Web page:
The Gongwer Blog

Major Workers' Comp Bills In The Works, Biz Calls Proposal Extreme

By Nick Smith
Staff Writer
Posted: February 5, 2024 12:21 PM

A battle over the state's workers' compensation law could take place this year between supporters of changes who say there are too many hurdles to obtaining benefits and the business community contending the proposed changes would upend the law and create significant cost increases.

Labor groups and lawyers who specialize in workers' compensation cases have been working on draft legislation for several months. They said the changes would reverse 2011 laws based on Supreme Court decisions in favor of employers that made it more difficult for claimants to obtain benefits.

The business community has countered that the proposed changes go too far and would instead upend the existing system while sharply increasing costs for businesses and lead to more costly litigation. They would also make Michigan an outlier nationally, with one business group labeling the draft language as extremely anti-business.

Robert MacDonald, a Flint attorney specializing in workers' compensation and disability cases, said the state's workers' compensation law passed in 1912 worked well for decades, with its highwater mark being changes signed by Governor George Romney in the 1960s.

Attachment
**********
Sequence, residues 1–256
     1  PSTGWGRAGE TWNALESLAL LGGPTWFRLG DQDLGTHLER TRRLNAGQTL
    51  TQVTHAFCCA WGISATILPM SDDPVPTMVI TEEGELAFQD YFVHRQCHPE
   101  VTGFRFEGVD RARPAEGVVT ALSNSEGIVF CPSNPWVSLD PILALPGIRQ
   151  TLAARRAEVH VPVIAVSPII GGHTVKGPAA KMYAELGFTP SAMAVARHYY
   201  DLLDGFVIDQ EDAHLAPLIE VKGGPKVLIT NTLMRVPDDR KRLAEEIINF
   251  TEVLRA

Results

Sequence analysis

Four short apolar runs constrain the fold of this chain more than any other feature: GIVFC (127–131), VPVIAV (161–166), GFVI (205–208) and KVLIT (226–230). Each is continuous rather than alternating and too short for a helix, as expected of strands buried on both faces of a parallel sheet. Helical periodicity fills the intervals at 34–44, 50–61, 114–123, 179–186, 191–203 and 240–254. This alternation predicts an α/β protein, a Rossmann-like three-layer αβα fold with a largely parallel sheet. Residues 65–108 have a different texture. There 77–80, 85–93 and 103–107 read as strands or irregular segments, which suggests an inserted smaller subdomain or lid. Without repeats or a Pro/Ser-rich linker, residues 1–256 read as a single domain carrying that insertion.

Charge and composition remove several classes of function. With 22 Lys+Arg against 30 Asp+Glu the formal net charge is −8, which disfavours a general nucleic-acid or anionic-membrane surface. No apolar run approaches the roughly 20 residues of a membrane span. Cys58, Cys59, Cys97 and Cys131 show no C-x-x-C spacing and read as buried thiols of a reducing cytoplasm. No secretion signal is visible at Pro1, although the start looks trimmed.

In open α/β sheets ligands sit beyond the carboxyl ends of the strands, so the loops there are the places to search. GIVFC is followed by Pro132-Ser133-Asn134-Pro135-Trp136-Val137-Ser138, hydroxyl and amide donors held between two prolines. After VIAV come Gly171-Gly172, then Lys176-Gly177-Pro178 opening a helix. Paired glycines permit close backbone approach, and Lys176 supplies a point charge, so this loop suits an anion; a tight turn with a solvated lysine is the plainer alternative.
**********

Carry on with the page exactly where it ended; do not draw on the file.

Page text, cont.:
Beginning in the 1980s, he said, the law has been changed in favor of employers.

Generally, injured Michigan workers receive 80 percent of the after-tax value of their average weekly wage, defined as the highest 39 of the previous 52 weeks of earnings prior to the date of their injury.

Benefits are capped at 90 percent of the state average weekly wage, currently $1,259, making the current cap $1,134 per week.

The law also considers post-injury earning capacity. If someone is injured at work and has the ability to do a lesser paying job, even if they cannot find that job, their compensation can be reduced by 80 percent of the average earnings for that position.

Supporters of proposed changes refer to the provision as the "phantom wage" and say it undermines the benefits for many claimants.

"This is not the safety net … that workers deserve to have," MacDonald said.

Workers' compensation as created was intended to strike a balance between employers and employees in finding a solution to cases, he said. For employers, this means preventing jury trials, having insurable risk, and providing for cost-contained medical benefits. Employees have a no-fault burden of proof for obtaining benefits.